Grilling Danger: Wire Brushes Cause Injuries, Doctors Warn
Before you start grilling this summer, you should probably take a close look at your grill brush; doctors are warning about rare but serious injuries tied to the cleaning tools.
In a new study, researchers attempted to estimate how many Americans are injured by ingesting wire bristles from grill brushes. These injuries can happen when bristles from the cleaning tools come lose, stick to the grill and then end up in food.
The study found that between 2002 and 2014, nearly 1,700 Americans visited the emergency room for injuries related to ingesting grill-brush bristles. Among these cases, injuries to the mouth, throat and tonsils were the most common, but people also suffered injuries to the stomach or intestines. Most of the injuries occurred in June, July and August.
"Injury from wire-bristle grill brush is uncommon but prevalent during certain seasons," the researchers, from the University of Missouri, wrote in the April issue of the journal Otolaryngology-Head and Neck Surgery. "Awareness among consumers and product manufacturers is necessary to promote safety," the authors said. [Grill Science: 5 Sizzling Tips]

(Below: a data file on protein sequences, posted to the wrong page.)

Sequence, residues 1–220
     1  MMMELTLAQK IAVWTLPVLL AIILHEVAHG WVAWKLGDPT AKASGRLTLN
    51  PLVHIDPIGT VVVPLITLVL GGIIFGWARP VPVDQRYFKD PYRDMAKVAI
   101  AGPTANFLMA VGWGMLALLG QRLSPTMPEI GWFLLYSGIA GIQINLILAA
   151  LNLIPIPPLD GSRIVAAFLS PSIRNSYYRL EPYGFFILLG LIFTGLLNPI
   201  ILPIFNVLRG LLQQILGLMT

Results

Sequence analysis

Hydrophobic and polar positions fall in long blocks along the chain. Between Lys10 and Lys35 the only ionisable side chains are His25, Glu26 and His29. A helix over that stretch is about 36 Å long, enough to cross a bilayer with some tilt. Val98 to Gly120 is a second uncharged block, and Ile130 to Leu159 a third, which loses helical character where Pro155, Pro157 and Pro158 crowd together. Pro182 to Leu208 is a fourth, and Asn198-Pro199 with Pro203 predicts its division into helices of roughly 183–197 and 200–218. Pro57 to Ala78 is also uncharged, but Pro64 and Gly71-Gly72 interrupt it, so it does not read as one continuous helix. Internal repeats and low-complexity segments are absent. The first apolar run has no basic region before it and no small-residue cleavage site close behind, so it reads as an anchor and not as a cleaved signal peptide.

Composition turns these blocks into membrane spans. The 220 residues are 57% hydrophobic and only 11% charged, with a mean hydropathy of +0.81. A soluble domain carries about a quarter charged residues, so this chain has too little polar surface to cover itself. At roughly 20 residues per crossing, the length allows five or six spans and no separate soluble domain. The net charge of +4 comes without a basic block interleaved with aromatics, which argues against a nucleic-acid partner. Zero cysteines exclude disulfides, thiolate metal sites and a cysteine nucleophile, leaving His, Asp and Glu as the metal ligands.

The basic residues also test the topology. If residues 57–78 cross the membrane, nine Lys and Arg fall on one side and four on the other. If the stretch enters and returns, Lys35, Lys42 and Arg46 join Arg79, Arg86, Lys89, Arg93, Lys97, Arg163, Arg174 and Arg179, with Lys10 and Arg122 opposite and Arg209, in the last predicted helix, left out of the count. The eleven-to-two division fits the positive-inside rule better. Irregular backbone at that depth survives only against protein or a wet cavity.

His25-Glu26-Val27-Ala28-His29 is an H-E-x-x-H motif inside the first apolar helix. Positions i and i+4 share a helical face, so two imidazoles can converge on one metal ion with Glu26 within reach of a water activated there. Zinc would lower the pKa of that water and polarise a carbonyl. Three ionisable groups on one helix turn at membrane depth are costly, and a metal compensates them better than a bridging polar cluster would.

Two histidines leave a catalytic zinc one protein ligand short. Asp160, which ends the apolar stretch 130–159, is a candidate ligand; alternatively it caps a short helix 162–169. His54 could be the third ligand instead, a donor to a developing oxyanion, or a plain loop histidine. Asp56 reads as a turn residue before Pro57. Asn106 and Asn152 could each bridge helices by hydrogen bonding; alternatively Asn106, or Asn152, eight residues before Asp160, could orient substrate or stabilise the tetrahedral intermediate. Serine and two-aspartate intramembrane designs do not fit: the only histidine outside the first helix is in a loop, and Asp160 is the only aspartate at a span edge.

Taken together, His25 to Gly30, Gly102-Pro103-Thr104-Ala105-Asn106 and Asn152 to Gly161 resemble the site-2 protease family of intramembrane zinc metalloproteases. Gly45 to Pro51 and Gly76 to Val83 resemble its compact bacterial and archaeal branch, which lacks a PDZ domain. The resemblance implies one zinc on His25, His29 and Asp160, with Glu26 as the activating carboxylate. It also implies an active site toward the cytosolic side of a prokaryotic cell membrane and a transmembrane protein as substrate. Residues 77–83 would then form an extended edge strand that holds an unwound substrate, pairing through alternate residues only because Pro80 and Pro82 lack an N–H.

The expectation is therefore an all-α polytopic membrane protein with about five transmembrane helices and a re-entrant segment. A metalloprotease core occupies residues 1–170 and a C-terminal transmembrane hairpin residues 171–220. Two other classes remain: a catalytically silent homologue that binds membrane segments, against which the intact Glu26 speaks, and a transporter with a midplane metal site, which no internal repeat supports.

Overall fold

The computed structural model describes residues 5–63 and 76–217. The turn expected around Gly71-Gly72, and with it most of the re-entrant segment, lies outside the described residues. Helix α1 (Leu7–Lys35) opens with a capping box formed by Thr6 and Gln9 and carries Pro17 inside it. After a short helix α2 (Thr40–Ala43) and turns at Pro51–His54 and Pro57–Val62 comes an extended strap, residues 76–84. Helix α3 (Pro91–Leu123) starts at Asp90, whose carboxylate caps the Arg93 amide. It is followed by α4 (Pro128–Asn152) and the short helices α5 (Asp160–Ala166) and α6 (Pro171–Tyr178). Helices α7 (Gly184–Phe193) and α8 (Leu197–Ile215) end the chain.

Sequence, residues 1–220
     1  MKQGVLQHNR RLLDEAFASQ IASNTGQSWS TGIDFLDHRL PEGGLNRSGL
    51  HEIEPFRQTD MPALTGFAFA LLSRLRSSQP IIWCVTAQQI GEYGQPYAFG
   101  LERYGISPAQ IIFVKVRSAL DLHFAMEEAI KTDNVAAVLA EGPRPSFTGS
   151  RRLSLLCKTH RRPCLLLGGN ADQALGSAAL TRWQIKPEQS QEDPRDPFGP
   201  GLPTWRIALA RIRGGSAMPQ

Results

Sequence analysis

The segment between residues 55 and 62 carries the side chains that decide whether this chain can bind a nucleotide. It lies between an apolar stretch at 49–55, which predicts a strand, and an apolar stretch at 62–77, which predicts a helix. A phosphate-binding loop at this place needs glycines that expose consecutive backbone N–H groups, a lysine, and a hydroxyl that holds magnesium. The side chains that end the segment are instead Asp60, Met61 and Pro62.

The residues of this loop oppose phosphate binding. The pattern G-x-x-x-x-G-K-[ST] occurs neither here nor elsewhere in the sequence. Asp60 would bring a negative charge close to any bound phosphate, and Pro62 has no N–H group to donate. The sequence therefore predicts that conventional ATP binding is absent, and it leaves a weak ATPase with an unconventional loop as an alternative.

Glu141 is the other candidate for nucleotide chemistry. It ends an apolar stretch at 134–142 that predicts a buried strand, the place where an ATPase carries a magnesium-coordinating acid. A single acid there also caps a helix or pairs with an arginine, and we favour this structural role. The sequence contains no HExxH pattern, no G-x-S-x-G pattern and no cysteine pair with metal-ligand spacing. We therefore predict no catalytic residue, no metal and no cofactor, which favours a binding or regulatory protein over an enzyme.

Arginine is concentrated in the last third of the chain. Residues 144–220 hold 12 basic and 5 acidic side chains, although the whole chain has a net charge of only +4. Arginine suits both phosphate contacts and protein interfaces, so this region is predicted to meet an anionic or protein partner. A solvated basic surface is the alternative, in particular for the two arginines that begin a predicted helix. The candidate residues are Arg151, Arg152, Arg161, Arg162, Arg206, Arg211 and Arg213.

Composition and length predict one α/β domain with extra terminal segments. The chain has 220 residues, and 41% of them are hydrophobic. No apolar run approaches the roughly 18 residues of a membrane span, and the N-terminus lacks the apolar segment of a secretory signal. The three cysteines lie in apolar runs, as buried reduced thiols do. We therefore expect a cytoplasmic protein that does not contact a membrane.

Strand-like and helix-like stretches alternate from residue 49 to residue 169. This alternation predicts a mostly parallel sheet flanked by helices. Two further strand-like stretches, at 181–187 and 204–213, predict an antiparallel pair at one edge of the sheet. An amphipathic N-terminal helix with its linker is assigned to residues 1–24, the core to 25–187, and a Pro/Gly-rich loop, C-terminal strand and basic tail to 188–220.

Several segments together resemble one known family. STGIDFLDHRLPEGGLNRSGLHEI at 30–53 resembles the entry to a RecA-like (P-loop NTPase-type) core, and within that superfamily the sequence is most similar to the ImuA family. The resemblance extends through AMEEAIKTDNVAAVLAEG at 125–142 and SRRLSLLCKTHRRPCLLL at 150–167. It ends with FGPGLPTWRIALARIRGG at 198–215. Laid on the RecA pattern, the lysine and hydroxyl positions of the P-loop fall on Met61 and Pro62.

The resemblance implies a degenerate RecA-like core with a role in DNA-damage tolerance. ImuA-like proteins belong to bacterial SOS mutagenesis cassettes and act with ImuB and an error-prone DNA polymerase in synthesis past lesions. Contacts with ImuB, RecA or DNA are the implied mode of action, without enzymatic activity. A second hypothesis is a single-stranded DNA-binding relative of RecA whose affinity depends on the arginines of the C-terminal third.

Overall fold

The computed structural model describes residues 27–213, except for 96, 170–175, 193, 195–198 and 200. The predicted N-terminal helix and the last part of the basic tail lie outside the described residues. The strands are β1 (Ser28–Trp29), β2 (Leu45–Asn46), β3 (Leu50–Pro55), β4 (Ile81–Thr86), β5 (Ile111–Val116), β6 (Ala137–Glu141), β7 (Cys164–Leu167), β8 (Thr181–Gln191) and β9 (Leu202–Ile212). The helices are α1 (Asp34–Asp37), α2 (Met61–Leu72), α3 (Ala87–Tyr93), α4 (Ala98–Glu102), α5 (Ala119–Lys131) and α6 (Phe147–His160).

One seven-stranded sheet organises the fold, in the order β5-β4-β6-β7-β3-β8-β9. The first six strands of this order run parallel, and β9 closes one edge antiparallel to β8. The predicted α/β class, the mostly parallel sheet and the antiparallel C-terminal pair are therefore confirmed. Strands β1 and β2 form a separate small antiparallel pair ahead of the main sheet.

Most patients were treated in the emergency room, but some required surgery, the study said.
The researchers advised consumers to be cautious when using wire-bristle brushes, to check the brushes before each use and to throw away brushes that have loose bristles. People should also check grilling grates for bristles before cooking, the researchers said.
ER physicians; radiologists; and ear, nose and throat doctors should also be aware of these types of injuries, so that these professionals can promptly diagnose and treat the injuries, the researchers said.
Follow Rachael Rettner @RachaelRettner. FollowLive Science @livescience, Facebook& Google+. Original article on Live Science.
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Rachael is a Live Science contributor, and was a former channel editor and senior writer for Live Science between 2010 and 2022. She has a master's degree in journalism from New York University's Science, Health and Environmental Reporting Program. She also holds a B.S. in molecular biology and an M.S. in biology from the University of California, San Diego. Her work has appeared in Scienceline, The Washington Post and Scientific American.
By Robert Lea